Extract Coffee is the latest offering from commercial coffee solutions company Capitol Foods. Marketing Manager Michelle McKee interviews To verify on the coffee-to-go concept which offers an ‘all-in-one’ coffee package to businesses in the convenience and service station sectors in Ireland.
Capitol Foods offers commercial coffee solutions to customers across the island of Ireland, from traditional espresso machines for hospitality and catering to commercial bean-to-cup machines, more commonly found in local convenience stores or forecourt.
Capitol Foods coffee brands include Piacetto, Tchibo, Smokin’ Bean, a line of Matthew Algie blends, and Extract Coffee.
“We supply the machine, furniture, coffee and all the necessary accessories – such as lids, cups and sugars – backed by strong branding, leaving retailers to focus on selling to their customers,” explains McKee.
Aware of the increased awareness of environmental issues and climate change – and the call for brands to behave in more sustainable and environmentally responsible ways – McKee says that choosing Fairtrade certified coffee beans for the Extract brand was a no-brainer.
“Sustainability has always been important to us, with at least 90% of the coffees from our roaster, Matthew Algie, carrying one or more certifications,” she says.
“We were also the first roastery in the world to receive the Carbon Neutral Gold Standard, and we continue to work with One Carbon World to measure, reduce and offset our carbon emissions alongside climate adaptation projects with our agricultural partners. .”
The beans extracted come from a number of Fairtrade cooperatives in Indonesia, Brazil, Honduras and Peru. Farmers are guaranteed to receive at least the Fairtrade price for their coffee, which aims to cover their production costs and act as a safety net when market prices fall below a sustainable level.
This minimum price also increases with world market prices. A Fairtrade premium is also paid, with at least 25% of this money used to improve coffee productivity and quality, with the rest used to fund community projects, such as investing in healthcare and education .
“One of the cooperatives we work with is COCAFCAL [Cooperativa Cafetalera Capucas Limitada], in Honduras,” says McKee. “To date, a number of projects have benefited from the Fairtrade Premium, including investing in a local health centre, caring for members of the cooperative and surrounding communities, and setting up a camp for local football, which offers a free and healthy service. recreation place for young people.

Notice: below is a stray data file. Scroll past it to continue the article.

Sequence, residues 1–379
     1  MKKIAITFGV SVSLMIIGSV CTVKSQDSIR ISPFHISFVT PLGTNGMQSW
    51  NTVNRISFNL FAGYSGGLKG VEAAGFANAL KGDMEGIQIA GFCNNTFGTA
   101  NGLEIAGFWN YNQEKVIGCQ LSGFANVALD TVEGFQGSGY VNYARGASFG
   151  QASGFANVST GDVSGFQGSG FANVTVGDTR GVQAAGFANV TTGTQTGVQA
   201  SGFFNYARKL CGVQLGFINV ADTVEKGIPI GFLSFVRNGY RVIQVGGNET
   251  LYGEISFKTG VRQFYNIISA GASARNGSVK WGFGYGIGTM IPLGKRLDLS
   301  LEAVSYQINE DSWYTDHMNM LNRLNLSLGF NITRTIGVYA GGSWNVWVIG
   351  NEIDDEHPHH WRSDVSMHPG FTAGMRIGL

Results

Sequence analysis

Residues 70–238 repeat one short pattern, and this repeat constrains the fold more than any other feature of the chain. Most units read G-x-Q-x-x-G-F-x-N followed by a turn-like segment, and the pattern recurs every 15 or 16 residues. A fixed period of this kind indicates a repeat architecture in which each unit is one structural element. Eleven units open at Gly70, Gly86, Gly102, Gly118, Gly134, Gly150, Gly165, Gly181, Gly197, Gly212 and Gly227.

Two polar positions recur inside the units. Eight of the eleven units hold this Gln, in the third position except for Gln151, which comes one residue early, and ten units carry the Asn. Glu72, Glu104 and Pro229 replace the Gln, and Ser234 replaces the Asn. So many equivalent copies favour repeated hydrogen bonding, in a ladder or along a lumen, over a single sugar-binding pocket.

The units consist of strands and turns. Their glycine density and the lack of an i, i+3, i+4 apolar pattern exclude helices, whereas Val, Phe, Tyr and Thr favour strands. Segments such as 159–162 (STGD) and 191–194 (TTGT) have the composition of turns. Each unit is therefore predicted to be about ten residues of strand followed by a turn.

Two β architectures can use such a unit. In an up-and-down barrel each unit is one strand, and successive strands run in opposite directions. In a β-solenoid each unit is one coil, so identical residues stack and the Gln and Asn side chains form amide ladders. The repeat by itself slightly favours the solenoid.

“Funds were also used to develop a virtual library and to fund scholarships for members’ children who wanted to pursue higher education.”
The money was also used to purchase equipment, which will improve quality and productivity while reducing environmental impact. This includes an organic fertilizer processing plant, accessible to members of the cooperative.
“Another one of our cooperatives used part of the Fairtrade premium for the provision of weeding kits to members,” says McKee.
“Weeds can harbor and spread diseases and coffee pests, so these kits help keep coffee farms healthy, without using chemicals.”
Sustainably sourced eco mugs
Recognizing that consumers are also concerned about reducing their waste, Capital Foods has launched an Extract-branded Eco Cup.
“Not only does the Extract Eco Cup offer customers an alternative to single-use cups, it’s made from sustainable bamboo fibers, and for every purchase, Capitol has partnered with GoReusable and the National Forest Foundation to plant a tree,” says McKee. .
Extract single-use cups are from Vegware.
They are made from sustainably sourced paperboard, plant-based polylactic acid (PLA) – even though PLA is plant-based, the cups must be turtle branded as all PLA is included in EU legislation – and vegetable-based or water-based inks.
The cups are approved by Cre, the Composting and Anaerobic Digestion Association of Ireland, and they can be recycled in brown bins throughout the Republic of Ireland.
From Limerick to Donegal
“We hope that after listening to consumers and their desire to make a difference, Extract’s credentials will make it an attractive coffee offering for retailers,” says McKee.
“We had planned to launch Extract at Ireland’s Convenience Retailer Summit before Covid took hold. Unfortunately, as the retail and hospitality landscape changed, with events canceled and postponed, Extract didn’t quite get the fanfare it deserved.
Nonetheless, this offer has been popular with convenience and forecourt retailers from Limerick to Mayo and from Wicklow to Donegal.
Maxol Johnstown Bridge and Texaco Blessington are the latest retailers to adopt the brand, and McKee says they can’t wait to show it off at the rescheduled Convenience Retailer Summit later this year.
“In the meantime, look for Extract when you’re wandering around Ireland and try it for yourself,” she says.
“Sustainability credentials aside, we hope you agree this is a great tasting coffee!”
© 2022 To verify – your source for the latest Irish retail news. Article by Donna Ahern. For more beverage news, click here. Click on Subscribe to subscribe To verify.